Car accident depositions are usually taken at the office of an insurance adjuster, but sometimes they can be taken at the plaintiff’s attorney’s office. The deposition is a sworn statement under oath where you will be questioned about the accident, your background and any other information that might be pertinent to the case.
The depositions can be very stressful and intimidating, but if you have an injury lawyer in Cornwall on your side, they can help prepare you for this vital step in the process. If you are being deposed in a car accident lawsuit, here’s what you can expect:
• The date and time of the accident.
• Where were you at the time of the accident?
• How much you had to drink before getting behind the wheel?
• Whether you were on your cell phone or texting while driving at the time of the accident?
• Did you have any history with the other driver?
• What caused the accident? Was it a distracted driver, a defective part or something else entirely?
• What injuries did you sustain? Were any of these injuries permanent?
Lawyers can help you prepare for your deposition by interviewing you beforehand and asking some questions that may seem odd but are intended to gauge your honesty and whether there are any inconsistencies in your story or anything else that could prove helpful at trial.
Why do Depositions Take Place?
This process aims to get both sides to exchange information so the parties know what evidence each has, what arguments they can make, and how much time it will take to prepare for trial. In addition, depositions are often used to get out essential facts about your case before the trial begins.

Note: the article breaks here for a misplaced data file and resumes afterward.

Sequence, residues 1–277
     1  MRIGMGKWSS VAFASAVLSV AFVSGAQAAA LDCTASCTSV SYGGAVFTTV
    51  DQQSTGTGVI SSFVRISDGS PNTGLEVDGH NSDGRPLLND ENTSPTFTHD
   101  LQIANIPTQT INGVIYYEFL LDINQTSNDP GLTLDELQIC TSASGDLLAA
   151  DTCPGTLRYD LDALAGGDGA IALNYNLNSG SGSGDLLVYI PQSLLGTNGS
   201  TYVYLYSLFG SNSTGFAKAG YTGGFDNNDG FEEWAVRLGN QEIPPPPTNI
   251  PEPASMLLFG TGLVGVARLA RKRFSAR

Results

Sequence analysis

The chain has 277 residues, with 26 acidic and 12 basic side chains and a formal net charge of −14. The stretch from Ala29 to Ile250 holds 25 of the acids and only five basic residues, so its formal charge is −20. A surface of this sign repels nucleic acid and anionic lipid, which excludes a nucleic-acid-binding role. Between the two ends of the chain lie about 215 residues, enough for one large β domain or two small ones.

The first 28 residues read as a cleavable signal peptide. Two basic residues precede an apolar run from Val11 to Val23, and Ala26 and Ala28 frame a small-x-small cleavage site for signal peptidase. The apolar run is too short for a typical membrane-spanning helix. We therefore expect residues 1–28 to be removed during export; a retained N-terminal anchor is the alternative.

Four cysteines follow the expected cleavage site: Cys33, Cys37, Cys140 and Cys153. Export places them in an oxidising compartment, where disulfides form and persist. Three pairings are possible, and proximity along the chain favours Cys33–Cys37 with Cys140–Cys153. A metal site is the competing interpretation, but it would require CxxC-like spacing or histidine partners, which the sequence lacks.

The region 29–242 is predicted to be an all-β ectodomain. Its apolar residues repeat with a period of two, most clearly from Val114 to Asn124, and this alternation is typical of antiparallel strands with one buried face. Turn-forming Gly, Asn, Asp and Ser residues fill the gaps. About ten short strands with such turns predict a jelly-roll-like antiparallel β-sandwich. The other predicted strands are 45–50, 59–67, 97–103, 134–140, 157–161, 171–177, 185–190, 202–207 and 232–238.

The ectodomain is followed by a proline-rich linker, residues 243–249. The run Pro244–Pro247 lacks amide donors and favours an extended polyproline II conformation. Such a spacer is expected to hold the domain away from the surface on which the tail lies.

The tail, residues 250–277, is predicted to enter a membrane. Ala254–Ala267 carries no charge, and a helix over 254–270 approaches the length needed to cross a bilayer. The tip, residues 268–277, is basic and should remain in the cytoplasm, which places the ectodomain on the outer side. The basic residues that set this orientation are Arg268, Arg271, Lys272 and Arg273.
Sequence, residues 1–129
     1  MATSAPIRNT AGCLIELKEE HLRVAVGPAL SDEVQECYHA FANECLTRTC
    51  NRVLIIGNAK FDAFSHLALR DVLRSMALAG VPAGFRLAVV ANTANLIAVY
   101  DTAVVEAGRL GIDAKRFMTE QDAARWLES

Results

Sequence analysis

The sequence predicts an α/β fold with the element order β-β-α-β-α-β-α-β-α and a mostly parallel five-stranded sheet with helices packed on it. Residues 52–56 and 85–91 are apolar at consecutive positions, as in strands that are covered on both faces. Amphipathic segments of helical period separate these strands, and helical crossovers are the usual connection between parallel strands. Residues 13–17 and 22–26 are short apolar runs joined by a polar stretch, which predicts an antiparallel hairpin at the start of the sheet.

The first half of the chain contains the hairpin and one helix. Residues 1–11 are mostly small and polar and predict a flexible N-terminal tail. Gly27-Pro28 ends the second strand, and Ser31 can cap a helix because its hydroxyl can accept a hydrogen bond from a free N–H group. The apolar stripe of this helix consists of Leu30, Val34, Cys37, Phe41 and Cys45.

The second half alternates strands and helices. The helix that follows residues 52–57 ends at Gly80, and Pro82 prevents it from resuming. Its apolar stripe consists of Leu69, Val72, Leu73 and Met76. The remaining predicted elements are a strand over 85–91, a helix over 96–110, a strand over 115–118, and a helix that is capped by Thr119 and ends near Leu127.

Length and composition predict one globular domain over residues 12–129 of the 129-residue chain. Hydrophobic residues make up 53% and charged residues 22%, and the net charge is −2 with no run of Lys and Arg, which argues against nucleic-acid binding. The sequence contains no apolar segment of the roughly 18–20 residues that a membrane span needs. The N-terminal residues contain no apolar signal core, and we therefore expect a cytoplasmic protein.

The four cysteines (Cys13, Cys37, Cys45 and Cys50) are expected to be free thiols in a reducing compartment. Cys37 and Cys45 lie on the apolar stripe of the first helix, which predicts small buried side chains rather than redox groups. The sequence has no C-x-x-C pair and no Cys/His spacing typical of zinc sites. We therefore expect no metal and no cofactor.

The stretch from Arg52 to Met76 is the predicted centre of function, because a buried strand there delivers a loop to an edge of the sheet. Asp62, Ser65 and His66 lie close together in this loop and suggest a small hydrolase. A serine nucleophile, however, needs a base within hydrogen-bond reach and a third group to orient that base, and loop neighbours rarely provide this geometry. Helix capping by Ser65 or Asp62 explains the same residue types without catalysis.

Depositions allow an injury lawyer to test their theories on witnesses before going to court and making costly mistakes that could cost them their case. A deposition is also an opportunity for attorneys to see how prepared their opponent is and whether they might have any weak points in their lawsuit that can be attacked later during the trial. A lawyers can ensure that everything you say is consistent with what happened at the moment of the car accident and keep track of how your symptoms change over time.
Know Your Rights
You have the right to remain silent and not answer any questions that may incriminate you. This doesn’t apply only if several people are involved in an accident, and someone else gives testimony against you. In this instance, it’s better to tell your side of the story rather than let someone else speak on your behalf and possibly get the facts wrong. Your lawyer might even catch some signs you hadn’t realized yourself or noticed before, helping them work out the next steps.